Faulty suburban parking assumptions not holding up at new East Harlem mall

A wild overestimation of parking demand at a mall in Manhattan has led to wasted space, reduced pedestrian accessibility, and undermining long term planning goals. Because no big box stores had been built in such a dense urban area, developers relied on data from similar developments in more suburban locations. Assuming 67 to 68 percent of shoppers would arrive by car, the mall built vastly more parking than was needed to accommodate customers.

Faulty suburban parking assumptions not holding up at new East Harlem mall

A wild overestimation of parking demand at a mall in Manhattan has led to wasted space, reduced pedestrian accessibility, and undermining long term planning goals. Because no big box stores had been built in such a dense urban area, developers relied on data from similar developments in more suburban locations. Assuming 67 to 68 percent of shoppers would arrive by car, the mall built vastly more parking than was needed to accommodate customers.

Faulty suburban parking assumptions not holding up at new East Harlem mall

A wild overestimation of parking demand at a mall in Manhattan has led to wasted space, reduced pedestrian accessibility, and undermining long term planning goals. Because no big box stores had been built in such a dense urban area, developers relied on data from similar developments in more suburban locations. Assuming 67 to 68 percent of shoppers would arrive by car, the mall built vastly more parking than was needed to accommodate customers.

Land Use and Transportation Scenario Analysis and Microsimulation (LUTSAM) Tool (SSTI and DelDOT, 2012)

With SSTI assistance, Delaware DOT has developed its four-step demand model for scenario planning, using off-the-shelf GIS and simulation software. The tool, called Land Use and Transportation Scenario Analysis and Microsimulation (LUTSAM), enables DelDOT to quickly model and display development scenarios, providing communities and developers with analysis on traffic, congestion, emissions and other outcomes. LUTSAM will dramatically demonstrate, in real-world cases, the cost and environmental advantages of well-connected, compact and mixed use development. It is currently being used in a variety of settings around the state. Because it is built around standard software, it is adaptable for other states, MPOs and cities seeking to improve their land use and transportation planning.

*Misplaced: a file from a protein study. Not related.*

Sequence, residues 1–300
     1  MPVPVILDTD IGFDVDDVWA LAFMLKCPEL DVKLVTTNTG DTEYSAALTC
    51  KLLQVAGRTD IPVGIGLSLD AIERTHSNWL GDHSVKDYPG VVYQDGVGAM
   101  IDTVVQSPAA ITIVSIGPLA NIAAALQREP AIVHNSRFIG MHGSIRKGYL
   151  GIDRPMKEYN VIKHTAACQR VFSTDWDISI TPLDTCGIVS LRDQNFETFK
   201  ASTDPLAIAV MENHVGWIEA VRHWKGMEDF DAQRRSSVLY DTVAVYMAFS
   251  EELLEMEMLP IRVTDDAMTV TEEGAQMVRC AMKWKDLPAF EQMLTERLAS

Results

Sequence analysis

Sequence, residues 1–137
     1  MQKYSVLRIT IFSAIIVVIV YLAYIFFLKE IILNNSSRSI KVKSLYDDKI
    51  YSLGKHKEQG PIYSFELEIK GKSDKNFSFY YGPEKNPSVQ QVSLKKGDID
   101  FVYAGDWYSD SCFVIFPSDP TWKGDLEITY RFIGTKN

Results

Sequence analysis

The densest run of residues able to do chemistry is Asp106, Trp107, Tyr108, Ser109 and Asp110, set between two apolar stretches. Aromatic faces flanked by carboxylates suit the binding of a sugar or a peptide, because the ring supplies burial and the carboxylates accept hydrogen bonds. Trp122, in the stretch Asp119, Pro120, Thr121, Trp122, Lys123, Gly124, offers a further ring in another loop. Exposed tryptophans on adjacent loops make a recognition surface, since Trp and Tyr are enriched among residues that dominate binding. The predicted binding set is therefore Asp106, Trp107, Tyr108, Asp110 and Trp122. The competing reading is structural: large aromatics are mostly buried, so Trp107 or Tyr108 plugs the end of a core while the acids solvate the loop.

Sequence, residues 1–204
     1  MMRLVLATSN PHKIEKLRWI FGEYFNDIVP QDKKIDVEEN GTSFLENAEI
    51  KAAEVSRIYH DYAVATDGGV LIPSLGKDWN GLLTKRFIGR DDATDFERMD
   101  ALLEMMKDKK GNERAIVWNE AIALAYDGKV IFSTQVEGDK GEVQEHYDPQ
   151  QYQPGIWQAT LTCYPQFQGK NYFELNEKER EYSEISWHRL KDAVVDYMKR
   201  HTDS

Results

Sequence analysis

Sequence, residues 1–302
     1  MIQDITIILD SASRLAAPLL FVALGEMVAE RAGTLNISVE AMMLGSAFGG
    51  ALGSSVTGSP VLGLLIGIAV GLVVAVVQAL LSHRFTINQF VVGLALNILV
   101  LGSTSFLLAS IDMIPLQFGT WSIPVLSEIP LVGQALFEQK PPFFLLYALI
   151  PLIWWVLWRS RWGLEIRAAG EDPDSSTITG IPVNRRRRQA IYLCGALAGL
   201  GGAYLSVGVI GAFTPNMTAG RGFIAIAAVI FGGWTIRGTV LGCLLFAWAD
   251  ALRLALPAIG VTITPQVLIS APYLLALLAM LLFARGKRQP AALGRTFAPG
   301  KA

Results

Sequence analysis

Community Design and the Incidence of Crashes Involving Pedestrians and Motorists Aged 75 and Older (Texas Transportation Institute, 2012)

Community design and transportation infrastructure can be problematic for both younger and older community residents. This study examines how community design specifically affects drivers and pedestrians aged 75 and older.

Why “forgiving roadways” are not the solution in urban areas

Roadway designers since the 1960’s have used the concept of “forgiving highways.” Due to its success in reducing fatal crashes on high speed access controlled roadways, engineers have been applying this methodology to urban streets in built up areas as well. However, this approach might actually make certain roads deadlier for motorists, as it encourages drivers to drive faster and less cautiously, and it has been shown to lessen pedestrian and bicyclist safety.

Bicycling and Walking in the U.S.: 2012 Benchmarking Report (Alliance for Biking and Walking, 2012)

This 3rd biennial benchmarking report looks at data and policies in all 50 states and the 51 largest US cities to examine how they stack up for walking and biking. This is a useful tool for local and state officials that would like to improve conditions and safety for bicyclists and pedestrians, or to promote non-motorized transportation.